Sidney Kimmel Medical College student Paul Endres shares his coming out moments, what it means to be an advocate and his hopes for the future of LGBTQ+ medical care.
Coming out to me is living your most authentic life—for yourself, not for anyone else.
As a gay man, I’ve had to come out many times throughout my young adult life. I always knew I was gay, but it wasn’t until college that I felt comfortable and confident enough to be open about it.
Two coming out moments are near and dear to my heart. One occurred as a sophomore in college. We were in the middle of an icebreaker activity where you step into the circle if you relate to what was said. One round involved stepping into the circle if you were a member of the LGBTQ+ community. There was a sense of hesitance in the room.
I had several close friends who knew I was gay, but I wasn’t technically “out” yet. I was standing as still as possible when my friend jumped in. I had no clue they identified as LGBTQ+. All I could think of was how I couldn’t let them do that alone and jumped in as well. It felt life-changing.
A year or so later, I was ready to come out to my parents. I called them to tell them about my first pride parade—and that I was gay. There was silence on the other line and then a change in subject. So, I repeated myself, “Hey, did you hear me? I’m gay by the way.” My dad responded, “Yes, we’ve always known, and we’ve always loved you.”
I feel incredibly fortunate to always have had such a supportive community around me. Of course, I’ve experienced my ups and downs. My story, just like anyone else’s, is muddled with moments of judgment, pain and sadness. But I’ve always had someone to turn to—whether it’s a friend, family member or even a professor.
The Health Nexus asked Paul Endres about his involvement with the LBGTQ+ community at Jefferson, how his LGBTQ+ identity shaped his career goals, how he overcomes adversity and more.
How are you involved in the LGBTQ+ community?
As a second-year medical student in Sidney Kimmel Medical College, I hold several leadership roles on campus that give me the platform to speak up about LGBTQ+ needs. I’m president of JeffLGBTQ, the LGBTQ+ student association at Jefferson’s Center City Campus. I’m also a member of the LGBTQ+ Executive Committee at Jefferson Health, which comprises of staff, faculty, administration and students from across the enterprise. We meet monthly to discuss any concerns and ideas we may have about fostering a strong, inclusive environment for all LGBTQ+ people.
What does it mean to you to be an advocate?
To me, advocacy means having the ability to elevate the voices of those who can’t speak up—or don’t have the courage to—and make a difference. I feel blessed to have a position where I can bring people’s ideas to light and spark positive changes. For example, a few classmates and I were concerned about the lack of education on intersex individuals; we created a lecture, and plans are in motion to refine the curriculum.
Has your LGBTQ+ identity shaped your career goals?
I grew up in a small town in northern New Jersey, and I never saw many LGBTQ+ healthcare providers. As I got older and had more questions regarding my own sexuality, I realized I couldn’t get them easily answered. I started hearing stories about all these negative experiences people encountered seeking care. Part of that inspired me to pursue med school.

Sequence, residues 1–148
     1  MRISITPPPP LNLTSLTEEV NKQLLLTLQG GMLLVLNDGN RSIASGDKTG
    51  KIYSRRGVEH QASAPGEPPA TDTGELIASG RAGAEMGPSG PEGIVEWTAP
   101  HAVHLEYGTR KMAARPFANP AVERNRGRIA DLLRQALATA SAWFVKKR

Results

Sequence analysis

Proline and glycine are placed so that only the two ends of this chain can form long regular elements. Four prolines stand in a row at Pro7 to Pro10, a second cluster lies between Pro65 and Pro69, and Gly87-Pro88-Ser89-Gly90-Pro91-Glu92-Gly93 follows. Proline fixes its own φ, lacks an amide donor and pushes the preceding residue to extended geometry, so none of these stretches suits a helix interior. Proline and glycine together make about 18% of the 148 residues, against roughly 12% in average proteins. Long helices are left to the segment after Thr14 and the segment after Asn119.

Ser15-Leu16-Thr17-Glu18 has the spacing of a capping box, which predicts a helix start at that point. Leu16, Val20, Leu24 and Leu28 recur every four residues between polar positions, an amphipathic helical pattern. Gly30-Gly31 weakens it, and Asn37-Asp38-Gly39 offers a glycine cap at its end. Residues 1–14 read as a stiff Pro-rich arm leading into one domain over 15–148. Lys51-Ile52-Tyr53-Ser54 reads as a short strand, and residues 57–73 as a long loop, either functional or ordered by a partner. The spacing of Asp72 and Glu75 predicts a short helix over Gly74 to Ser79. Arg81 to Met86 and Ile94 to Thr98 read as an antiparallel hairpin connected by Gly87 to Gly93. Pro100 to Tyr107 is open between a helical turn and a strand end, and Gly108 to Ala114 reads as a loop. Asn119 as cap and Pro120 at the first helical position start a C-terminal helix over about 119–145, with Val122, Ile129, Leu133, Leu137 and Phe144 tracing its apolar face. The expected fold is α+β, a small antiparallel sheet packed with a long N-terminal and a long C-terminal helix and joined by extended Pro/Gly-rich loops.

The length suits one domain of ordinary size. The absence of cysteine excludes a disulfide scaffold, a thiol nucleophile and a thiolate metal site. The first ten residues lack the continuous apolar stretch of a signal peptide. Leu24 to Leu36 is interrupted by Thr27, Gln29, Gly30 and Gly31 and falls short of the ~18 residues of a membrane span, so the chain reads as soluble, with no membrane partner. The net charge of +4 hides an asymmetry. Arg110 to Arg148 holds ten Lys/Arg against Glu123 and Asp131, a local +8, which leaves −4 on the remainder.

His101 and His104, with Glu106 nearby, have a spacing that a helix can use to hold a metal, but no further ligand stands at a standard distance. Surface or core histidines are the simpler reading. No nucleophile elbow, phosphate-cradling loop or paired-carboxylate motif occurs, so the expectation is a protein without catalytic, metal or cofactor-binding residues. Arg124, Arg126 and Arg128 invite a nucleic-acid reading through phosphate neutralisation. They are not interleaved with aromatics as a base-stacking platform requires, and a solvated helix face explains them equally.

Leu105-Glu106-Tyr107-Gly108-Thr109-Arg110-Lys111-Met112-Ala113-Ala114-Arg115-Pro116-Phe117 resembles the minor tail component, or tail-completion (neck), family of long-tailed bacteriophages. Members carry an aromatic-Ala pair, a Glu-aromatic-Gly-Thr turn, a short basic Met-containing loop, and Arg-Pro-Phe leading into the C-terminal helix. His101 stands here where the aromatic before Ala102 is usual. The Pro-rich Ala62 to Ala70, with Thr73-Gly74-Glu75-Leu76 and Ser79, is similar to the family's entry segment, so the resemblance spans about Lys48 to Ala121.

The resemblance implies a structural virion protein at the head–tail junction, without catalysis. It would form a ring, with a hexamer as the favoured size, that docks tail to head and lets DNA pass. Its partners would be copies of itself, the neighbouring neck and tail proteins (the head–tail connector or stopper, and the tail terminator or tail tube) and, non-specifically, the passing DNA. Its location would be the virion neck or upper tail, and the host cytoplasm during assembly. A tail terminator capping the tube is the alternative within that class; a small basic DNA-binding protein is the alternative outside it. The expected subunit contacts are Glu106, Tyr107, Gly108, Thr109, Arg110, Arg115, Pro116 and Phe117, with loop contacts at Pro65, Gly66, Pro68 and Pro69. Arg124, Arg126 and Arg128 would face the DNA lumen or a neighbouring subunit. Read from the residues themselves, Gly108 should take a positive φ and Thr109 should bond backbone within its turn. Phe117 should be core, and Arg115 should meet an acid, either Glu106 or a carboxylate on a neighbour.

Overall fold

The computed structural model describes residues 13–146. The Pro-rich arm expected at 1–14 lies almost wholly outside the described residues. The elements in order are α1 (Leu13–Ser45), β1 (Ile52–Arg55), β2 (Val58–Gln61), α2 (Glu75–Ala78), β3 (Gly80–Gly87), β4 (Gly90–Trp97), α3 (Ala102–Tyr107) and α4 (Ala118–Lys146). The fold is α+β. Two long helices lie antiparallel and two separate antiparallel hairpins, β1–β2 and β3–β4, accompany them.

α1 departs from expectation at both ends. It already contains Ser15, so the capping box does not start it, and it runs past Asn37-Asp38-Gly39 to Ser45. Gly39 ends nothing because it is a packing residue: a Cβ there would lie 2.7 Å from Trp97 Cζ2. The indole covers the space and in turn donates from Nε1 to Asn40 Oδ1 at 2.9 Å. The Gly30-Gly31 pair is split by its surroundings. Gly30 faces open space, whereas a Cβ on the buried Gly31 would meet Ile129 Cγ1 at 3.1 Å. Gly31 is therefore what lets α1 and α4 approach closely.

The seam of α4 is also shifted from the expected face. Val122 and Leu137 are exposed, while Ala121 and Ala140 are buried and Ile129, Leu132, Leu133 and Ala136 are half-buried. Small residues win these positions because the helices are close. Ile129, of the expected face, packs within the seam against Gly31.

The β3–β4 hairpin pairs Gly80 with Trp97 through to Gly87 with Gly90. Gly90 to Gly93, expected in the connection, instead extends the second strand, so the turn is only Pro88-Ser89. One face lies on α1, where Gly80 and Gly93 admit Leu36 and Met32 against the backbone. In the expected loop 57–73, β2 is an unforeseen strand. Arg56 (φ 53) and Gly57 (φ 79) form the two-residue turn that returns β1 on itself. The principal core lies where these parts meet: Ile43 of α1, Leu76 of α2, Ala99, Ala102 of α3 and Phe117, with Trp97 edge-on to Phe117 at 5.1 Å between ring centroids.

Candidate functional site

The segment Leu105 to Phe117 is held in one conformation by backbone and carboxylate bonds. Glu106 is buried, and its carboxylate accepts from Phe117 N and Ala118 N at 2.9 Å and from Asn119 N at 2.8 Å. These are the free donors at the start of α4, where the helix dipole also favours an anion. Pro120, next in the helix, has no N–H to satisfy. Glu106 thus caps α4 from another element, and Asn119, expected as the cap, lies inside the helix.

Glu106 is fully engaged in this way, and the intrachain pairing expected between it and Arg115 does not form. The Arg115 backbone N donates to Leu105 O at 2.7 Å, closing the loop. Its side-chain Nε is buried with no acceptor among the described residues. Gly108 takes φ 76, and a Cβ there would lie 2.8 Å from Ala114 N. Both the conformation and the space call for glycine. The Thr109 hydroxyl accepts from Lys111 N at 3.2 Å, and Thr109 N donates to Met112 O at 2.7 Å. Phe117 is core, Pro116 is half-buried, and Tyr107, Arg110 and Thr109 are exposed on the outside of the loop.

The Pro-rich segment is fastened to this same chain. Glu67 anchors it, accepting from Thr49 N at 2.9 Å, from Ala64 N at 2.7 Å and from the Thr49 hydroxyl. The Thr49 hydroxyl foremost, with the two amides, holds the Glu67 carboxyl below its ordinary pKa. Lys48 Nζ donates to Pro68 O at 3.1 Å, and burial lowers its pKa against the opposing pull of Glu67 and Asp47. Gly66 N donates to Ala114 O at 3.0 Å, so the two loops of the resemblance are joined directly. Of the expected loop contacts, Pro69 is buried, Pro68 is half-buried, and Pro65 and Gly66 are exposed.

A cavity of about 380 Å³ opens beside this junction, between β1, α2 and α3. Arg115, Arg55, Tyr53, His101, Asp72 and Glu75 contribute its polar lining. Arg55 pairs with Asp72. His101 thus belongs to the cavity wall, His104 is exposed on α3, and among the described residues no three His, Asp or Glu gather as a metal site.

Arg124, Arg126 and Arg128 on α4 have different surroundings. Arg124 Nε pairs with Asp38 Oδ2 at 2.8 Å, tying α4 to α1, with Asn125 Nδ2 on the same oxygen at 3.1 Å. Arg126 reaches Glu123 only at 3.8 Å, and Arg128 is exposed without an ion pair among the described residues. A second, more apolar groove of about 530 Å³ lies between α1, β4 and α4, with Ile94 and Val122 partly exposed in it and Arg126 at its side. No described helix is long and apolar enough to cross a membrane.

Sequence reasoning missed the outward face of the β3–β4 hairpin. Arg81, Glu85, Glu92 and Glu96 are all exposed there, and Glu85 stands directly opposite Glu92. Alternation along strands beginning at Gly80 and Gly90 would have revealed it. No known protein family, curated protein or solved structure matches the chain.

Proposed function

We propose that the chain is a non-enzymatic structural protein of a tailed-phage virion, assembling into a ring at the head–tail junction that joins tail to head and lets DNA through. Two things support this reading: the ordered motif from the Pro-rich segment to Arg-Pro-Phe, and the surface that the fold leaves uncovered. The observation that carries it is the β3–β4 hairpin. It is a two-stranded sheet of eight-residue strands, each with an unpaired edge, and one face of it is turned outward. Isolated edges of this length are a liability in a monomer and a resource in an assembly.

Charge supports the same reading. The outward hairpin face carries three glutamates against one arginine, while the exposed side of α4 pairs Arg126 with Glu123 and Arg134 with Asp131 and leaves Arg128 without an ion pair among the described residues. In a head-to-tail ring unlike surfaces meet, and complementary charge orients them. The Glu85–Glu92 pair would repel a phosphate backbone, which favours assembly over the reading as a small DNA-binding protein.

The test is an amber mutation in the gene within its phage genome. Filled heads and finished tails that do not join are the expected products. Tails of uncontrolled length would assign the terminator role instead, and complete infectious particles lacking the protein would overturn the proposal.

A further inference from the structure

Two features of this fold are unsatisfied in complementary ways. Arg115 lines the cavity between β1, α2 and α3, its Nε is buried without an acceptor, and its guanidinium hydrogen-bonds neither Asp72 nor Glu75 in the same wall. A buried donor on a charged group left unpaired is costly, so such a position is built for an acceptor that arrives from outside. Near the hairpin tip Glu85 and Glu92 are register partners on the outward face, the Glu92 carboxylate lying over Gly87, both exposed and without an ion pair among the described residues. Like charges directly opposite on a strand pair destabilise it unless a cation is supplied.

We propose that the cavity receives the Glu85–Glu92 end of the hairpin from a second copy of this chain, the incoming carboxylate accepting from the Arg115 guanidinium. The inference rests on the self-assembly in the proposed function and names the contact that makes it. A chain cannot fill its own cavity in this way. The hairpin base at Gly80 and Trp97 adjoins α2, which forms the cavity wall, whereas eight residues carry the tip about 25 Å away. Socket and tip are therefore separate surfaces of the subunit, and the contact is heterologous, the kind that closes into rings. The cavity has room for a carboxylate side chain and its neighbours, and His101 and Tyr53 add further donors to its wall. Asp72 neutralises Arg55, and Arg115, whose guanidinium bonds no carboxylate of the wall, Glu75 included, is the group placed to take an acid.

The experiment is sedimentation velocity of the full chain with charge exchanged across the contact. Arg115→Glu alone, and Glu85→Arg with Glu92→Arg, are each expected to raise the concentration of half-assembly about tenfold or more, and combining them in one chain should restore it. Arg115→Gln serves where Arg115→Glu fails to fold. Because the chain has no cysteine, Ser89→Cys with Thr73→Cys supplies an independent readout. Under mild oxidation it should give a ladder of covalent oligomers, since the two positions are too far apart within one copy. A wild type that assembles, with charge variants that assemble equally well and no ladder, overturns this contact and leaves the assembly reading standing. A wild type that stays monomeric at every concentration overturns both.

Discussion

While there are already affirming providers and practices, the LGBTQ+ population is only growing, as is the need for adequate healthcare. I want to help take care of this community. Part of what I’m called to do in life is educating people about the world around them. That’s why I love science. I feel privileged to be able to share my life and educate others.
What would you like to see in the future of medicine to boost LGBTQ+ care?
I think it all starts with empathy. You need to be able to connect with your patients. As medical professionals, we always should be learning. While LGBTQ+ needs have been historically brushed under the rug, they’re a necessity now. There are still many societal misbeliefs that primarily come from lack of education, so let’s change that.
How do you overcome adversity?
I approach it with the empathy that I strive to have as a healthcare provider. I realize that any judgment directed toward me often comes from a place of pain or confusion. People don’t fully understand who I am, and that’s OK. We’re only human.
Admittedly, some of my motivation comes from a place of spite. It’s infuriating when you’re told you can’t do something. It only makes me want to do it that much more. It’s like a “you-wait-and-see” moment.
Do you have any advice for others thinking about coming out?
It’s very individualized. You should do what feels right for you. Don’t let negative, unsupportive people be the ones to guide your life. I know that’s difficult because we all want acceptance and validation. But if someone only wants to tear you down, there’s no benefit from that.
Coming out only adds positivity to the world. I’ve been on the other end for several years, and it’s freeing. Sometimes, you just have to have fun with it. Make jokes. Be honest. You should embrace yourself and surround yourself with people who treat you with the same respect.
Above all else, remember to breathe.
Top photo credit: ©Thomas Jefferson University Photography Services